The brave new – but not so new – world of B2B influencer marketing

In the B2B space influencer power means harnessing expertise and building relationships

Tom Stein

Chairman and Chief Growth Officer Stein IAS and MSQ B2B


We get caught up in terminology a lot in the world of B2B marketing. There’s always a new buzzword to embrace. There is always a shiny new object to attract us.

It struck me that this is yet again the case when it comes to B2B influencer marketing. My first instinct was that it’s not really ‘a thing’ in B2B. That there’s not a huge amount of appetite for the somewhat superficial world of sneaking brand mentions into a TikTokers’ monologue. In the 49 years that Stein IAS has been going, we’ve not once paid a Kardashian to do anything.   

Influencer marketing is the meat and potatoes of B2B content marketing

Tom Stein, Chairman and Chief Growth Officer of Stein IAS and Chairman of MSQ B2B

But then I thought again about what influencer marketing really means. And of course, it’s something we’ve been doing for years. B2B marketing seeks to leverage influencers all the time. We’ve just called them SMEs – Subject Matter Experts – or ‘Key Opinion Leaders’.

Thinking harder, influencer marketing is the meat and potatoes of B2B content marketing. You seek to include the thinking of individuals who are expert and recognised in a given realm to lend credibility and reach to your key narratives.

Often, these influencers may come from a brand’s customer base. They may be analysts or academics. If you’re running a conference that your customer base is attending, the playbook is to secure very well-known keynote speakers who are aligned with your value proposition. They may want to be paid for the privilege. They may simply want to be on stage to build their own brands. But for sure, they are influencers.

These people are respected – others want to come out and hear them. They’ll provide a halo for what you’re trying to achieve. Their content will be shared widely. It’s influencer marketing – embracing people who endorse your point of view in a manner that’s contextual to your offering.

All that being said, there are some fundamental differences between B2B and B2C in this area that goes way beyond the terminology used to describe it.

Value always beats volume

Perhaps one of the biggest distinctions comes down to the size of a market we’re generally pursuing in B2B. We’re often working in highly specific sectors, targeting finite audiences of decision makers and breakers. We’re seeking to build deeper relationships with these defined customer sets, rather than appealing to the masses. Or decision processes are longer. They’re very high stakes. In these regards, “influence” is very different than it would be for, say, a consumer fashion brand.

In B2B, you’d almost always would rather 5,000 relevant, highly engaged followers than 100,000 or 1 million random fans. It’s not about volume, it’s about value. And while I’m not at all saying B2C marketers don’t care about value, the fact is that you won’t have, for instance, insurance technology influencers who have massive ‘celebrity-level’ followings. But those people will be hugely relevant and more effective to your marketing strategy.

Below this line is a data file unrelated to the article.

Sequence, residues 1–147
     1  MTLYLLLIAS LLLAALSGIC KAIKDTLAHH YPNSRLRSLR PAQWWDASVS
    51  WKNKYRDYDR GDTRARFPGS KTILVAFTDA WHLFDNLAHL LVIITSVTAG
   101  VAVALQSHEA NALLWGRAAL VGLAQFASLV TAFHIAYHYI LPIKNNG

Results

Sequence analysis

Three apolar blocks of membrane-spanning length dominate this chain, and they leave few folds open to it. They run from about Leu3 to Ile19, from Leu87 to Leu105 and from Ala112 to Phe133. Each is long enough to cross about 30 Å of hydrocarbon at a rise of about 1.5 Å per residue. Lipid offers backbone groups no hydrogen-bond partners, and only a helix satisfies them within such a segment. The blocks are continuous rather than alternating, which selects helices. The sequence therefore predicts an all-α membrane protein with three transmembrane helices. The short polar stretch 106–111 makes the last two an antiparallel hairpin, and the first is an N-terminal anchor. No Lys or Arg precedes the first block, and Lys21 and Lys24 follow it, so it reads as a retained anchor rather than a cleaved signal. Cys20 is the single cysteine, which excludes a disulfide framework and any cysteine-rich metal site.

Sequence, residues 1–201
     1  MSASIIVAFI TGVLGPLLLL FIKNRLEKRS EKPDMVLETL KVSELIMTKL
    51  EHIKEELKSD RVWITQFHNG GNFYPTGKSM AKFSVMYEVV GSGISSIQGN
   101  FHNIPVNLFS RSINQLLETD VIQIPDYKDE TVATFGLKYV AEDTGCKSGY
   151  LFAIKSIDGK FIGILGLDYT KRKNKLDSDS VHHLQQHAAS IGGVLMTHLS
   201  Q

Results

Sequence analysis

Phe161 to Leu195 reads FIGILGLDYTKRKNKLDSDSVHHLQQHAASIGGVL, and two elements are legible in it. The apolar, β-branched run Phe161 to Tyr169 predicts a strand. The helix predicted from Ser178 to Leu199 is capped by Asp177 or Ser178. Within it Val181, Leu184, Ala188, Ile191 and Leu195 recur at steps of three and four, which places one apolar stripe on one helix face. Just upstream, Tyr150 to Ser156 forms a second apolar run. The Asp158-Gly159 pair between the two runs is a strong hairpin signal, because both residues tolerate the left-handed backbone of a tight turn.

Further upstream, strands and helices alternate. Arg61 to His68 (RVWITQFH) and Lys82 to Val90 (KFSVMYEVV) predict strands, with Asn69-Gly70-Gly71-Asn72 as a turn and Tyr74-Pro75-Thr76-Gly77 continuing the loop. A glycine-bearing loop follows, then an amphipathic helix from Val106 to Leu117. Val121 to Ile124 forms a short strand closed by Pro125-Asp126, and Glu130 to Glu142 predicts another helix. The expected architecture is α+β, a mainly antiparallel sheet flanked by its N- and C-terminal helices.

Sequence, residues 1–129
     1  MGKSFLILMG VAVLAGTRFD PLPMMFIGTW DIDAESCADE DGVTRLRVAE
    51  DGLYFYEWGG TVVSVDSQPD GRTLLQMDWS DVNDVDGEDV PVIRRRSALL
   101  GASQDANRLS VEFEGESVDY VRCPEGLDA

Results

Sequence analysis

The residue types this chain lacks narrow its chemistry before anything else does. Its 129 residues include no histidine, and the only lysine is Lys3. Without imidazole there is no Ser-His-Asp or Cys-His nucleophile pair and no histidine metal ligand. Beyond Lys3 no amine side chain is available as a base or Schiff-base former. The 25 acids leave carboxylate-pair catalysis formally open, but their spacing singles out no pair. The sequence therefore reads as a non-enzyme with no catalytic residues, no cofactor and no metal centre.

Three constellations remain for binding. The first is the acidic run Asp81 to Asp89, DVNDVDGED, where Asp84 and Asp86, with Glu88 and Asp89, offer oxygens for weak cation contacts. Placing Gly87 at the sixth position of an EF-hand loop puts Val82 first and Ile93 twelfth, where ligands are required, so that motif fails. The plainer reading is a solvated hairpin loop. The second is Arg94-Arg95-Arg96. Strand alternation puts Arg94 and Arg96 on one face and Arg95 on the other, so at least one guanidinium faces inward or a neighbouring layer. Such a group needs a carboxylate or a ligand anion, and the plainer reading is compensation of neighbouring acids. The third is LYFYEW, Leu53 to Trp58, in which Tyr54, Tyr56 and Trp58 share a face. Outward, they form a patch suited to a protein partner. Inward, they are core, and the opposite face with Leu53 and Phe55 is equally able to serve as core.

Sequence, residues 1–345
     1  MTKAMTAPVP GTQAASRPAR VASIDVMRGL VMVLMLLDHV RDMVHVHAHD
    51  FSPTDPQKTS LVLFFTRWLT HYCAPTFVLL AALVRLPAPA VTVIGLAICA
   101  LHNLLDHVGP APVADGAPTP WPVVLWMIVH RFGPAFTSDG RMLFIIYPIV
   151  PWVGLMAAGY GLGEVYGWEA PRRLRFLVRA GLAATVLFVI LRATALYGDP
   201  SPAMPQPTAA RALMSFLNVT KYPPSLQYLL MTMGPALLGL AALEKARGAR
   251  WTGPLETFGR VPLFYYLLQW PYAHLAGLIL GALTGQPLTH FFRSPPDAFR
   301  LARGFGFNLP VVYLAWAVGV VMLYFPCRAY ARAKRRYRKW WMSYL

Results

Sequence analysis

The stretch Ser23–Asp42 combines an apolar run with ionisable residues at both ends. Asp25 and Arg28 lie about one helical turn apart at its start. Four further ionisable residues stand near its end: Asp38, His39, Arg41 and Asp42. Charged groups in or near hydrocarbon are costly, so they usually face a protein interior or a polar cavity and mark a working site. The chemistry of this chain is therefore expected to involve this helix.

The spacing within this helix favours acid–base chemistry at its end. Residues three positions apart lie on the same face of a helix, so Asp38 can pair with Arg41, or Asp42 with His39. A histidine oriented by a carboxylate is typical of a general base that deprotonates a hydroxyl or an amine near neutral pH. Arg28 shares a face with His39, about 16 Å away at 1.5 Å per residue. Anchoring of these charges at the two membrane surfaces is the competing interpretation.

‘Bullshitometers’ are highly attuned

Scope of influence aside, I think the overarching concept of ‘influencers for sale’ feels destructive in a B2B setting. Overtly teeing someone up to sell your product feels superficial at the best of times, but in B2B, customers have a heightened awareness of potential bias and ‘Pay to play”.

People are very sensitive to being gamed in this world. We’re talking about people who are making high stakes decisions – whether they’re small businesses or large enterprises – and they’re accountable for those decisions to board members, investors and the chain of command. They need to be sure there’s substance and real validation in their choices. If a source of influence has even the hint of an “agenda,” it’s harder to show necessary credibility.

Conversely, in the B2C world, I’d go as so far to argue that consumers want to be influenced. They want to be part of a movement, to be involved in something that others are following. Dynamics like FOMO can have sway in B2B, but not nearly the same extent.

A more balanced power dynamic

When bullshit meters are so finely tuned, trust becomes the clear differentiator. The value exchange between brand and ‘influencer’ – and the influencer and the brands’ audience -- needs to be appropriate and acceptable.

That’s why the mechanism of influencer marketing for B2B agencies (and our clients) may feel a little different. It requires convening power. As an agency, you must have the ability to connect with people who could be influential to your clients’ objectives and form ongoing relationships that result in deep engagement and absolute credibility.

You need to make a concerted effort to build peer-to-peer dialogue with those who live at the top of an organisation or industry tree. That’s where the power of relationships and influencer exchange really happens. It may be far less transactional than in a B2C environment and the terminology may be different, but agencies like ours have been doing it and thriving in this space for years. So long as we avoid the growing superficial side of influencer marketing, the more successful we’ll continue to be.

Guest Author

Tom Stein

Chairman and Chief Growth Officer Stein IAS and MSQ B2B


Tom Stein is the Chairman and Chief Growth Officer of Stein IAS and Chairman of MSQ B2B

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B2B Influencer Marketing